John H. Eames
was appointed postmaster March 17, 1870, by President Grant
. Mr. Eames
was a member of the Lawrence
Light Guard and responded to President Lincoln
's call for volunteers, April 20, 186, serving three months. On the second call he went as sergeant of Co. C, 39th Mass. Vol., and was in many battles.
Through Mr. Eames
' efforts, a building for the post-office was erected on Riverside avenue by Henry W. Bigelow
During his administration Mr. Eames
saw many changes in the postal service, including the introduction of the money order system and the issuing of the postal card.
Letter postage was reduced from three to two cents, and the collection of paper postage from individuals was eliminated and the pound rate established.
Valued as a curiosity is the clumsy hand-stamp now in a cabinet in the rooms of Post 66, G. A. R. It did service in Medford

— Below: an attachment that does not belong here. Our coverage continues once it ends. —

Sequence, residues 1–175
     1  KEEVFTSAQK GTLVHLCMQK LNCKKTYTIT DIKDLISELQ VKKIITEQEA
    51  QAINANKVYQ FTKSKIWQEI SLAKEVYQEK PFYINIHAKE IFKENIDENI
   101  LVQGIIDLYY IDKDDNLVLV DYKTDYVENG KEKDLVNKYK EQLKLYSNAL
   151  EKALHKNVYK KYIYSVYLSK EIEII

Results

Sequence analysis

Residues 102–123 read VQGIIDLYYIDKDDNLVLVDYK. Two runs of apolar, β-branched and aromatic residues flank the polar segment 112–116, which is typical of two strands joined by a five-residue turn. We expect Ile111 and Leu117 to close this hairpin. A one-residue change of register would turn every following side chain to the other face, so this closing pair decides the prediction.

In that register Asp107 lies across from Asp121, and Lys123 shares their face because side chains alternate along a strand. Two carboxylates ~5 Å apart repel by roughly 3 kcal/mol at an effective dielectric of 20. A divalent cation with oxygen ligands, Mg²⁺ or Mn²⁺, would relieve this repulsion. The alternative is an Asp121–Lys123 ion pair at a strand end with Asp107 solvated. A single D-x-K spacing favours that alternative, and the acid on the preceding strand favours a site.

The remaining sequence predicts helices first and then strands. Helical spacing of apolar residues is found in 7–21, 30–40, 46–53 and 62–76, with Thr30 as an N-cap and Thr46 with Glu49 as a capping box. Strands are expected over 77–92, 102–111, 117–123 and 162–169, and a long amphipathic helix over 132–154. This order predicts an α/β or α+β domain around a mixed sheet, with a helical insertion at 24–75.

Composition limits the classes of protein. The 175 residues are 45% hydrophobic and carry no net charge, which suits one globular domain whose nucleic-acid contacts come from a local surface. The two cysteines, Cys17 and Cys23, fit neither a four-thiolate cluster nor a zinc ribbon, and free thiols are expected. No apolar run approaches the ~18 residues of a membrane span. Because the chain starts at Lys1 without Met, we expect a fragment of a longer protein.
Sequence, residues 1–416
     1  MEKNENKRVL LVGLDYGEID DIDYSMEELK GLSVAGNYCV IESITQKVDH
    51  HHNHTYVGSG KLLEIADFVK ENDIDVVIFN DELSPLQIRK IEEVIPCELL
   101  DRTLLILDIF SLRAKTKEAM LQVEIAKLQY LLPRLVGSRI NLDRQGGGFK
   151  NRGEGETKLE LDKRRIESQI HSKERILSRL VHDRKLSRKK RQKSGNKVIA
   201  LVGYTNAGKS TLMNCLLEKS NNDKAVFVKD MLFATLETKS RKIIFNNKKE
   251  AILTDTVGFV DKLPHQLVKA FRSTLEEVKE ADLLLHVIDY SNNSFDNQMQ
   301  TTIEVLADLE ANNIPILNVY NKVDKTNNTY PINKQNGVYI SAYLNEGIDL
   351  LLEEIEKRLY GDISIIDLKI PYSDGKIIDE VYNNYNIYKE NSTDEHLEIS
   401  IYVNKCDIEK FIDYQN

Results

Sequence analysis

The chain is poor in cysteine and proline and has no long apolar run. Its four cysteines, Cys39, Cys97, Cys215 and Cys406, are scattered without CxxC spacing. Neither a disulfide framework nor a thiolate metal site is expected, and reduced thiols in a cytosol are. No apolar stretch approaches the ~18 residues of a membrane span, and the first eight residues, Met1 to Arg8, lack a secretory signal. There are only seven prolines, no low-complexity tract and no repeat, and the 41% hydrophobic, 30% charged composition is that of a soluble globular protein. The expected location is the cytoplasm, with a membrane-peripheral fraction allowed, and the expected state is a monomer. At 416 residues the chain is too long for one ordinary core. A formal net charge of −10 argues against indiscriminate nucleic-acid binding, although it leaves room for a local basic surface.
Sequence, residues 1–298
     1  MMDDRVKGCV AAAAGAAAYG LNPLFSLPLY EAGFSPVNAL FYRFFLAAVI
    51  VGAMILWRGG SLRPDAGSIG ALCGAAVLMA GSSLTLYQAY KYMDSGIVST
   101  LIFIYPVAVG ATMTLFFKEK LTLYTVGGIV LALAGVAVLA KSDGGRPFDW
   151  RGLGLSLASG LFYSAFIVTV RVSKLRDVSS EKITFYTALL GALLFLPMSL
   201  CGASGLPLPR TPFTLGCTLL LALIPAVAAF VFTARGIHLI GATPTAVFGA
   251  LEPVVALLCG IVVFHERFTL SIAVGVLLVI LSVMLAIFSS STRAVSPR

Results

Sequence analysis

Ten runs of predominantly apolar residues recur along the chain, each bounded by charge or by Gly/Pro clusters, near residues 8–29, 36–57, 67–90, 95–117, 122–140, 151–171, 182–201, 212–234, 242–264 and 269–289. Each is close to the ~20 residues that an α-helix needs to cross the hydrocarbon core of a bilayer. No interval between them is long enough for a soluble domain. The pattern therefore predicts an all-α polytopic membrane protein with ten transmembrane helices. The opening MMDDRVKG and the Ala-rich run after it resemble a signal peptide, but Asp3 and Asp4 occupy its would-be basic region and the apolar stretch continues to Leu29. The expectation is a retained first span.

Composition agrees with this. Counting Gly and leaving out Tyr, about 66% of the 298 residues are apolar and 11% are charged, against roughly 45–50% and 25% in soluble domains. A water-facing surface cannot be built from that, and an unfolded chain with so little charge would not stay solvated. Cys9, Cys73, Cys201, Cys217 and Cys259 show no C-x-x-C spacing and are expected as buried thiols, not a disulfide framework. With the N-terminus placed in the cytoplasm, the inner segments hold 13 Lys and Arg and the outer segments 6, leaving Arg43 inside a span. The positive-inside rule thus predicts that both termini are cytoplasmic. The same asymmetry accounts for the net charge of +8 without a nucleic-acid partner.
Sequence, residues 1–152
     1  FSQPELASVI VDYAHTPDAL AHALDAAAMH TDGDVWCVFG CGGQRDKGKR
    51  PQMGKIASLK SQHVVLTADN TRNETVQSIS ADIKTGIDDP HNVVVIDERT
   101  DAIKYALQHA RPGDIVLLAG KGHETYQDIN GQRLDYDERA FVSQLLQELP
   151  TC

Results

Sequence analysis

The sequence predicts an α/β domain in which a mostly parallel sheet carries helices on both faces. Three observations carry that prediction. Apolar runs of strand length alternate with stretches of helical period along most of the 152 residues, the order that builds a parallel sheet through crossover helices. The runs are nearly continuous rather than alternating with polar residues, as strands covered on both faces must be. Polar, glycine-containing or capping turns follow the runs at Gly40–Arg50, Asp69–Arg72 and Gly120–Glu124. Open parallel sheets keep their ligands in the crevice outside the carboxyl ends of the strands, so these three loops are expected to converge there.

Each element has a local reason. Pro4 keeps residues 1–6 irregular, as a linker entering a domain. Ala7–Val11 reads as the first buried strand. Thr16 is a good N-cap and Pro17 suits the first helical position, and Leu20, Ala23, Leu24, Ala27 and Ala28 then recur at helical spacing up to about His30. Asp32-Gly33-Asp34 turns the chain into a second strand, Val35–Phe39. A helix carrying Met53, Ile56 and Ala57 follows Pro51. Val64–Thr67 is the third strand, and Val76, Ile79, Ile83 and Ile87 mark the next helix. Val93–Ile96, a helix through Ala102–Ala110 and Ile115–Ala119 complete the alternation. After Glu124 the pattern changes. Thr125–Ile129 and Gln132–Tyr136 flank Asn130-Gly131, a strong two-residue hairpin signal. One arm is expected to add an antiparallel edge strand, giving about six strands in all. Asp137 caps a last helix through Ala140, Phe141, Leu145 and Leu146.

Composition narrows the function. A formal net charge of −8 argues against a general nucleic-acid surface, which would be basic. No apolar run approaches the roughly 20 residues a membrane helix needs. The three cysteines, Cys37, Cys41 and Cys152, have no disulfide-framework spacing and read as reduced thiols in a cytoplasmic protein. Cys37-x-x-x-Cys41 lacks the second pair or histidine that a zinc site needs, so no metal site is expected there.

's ancient post-offices many years.
resigned March 8, 1886, owing to poor health, and moved to Marshfield Hills, Mass.
, where he continues to reside.
Frank T. Spinney
succeeded Mr. Eames
and served until June 16, 1897, when, owing to poor health and it becoming necessary to seek a change of climate, he resigned and removed to North Carolina
. Mr. Spinney
's first appointment was made by President Cleveland
Notwithstanding that he was a strong supporter of the Democratic party, Mr. Spinney
was reappointed by President Harrison
without any opposition.
He was a very efficient postmaster and was considered one of the best informed officials on postal matters in the service.
His knowledge of postal affairs was well recognized by the Department at Washington
In May, 1895, Postmaster General Wanamaker
called to Washington
, for conference with him, seven postmasters from various parts of the United States
. Mr. Spinney
was one of the seven and served as secretary of the conference.
During his administration free delivery was established and the office considerably enlarged.
He is now engaged in the real estate
business at Pine Bluffs, North Carolina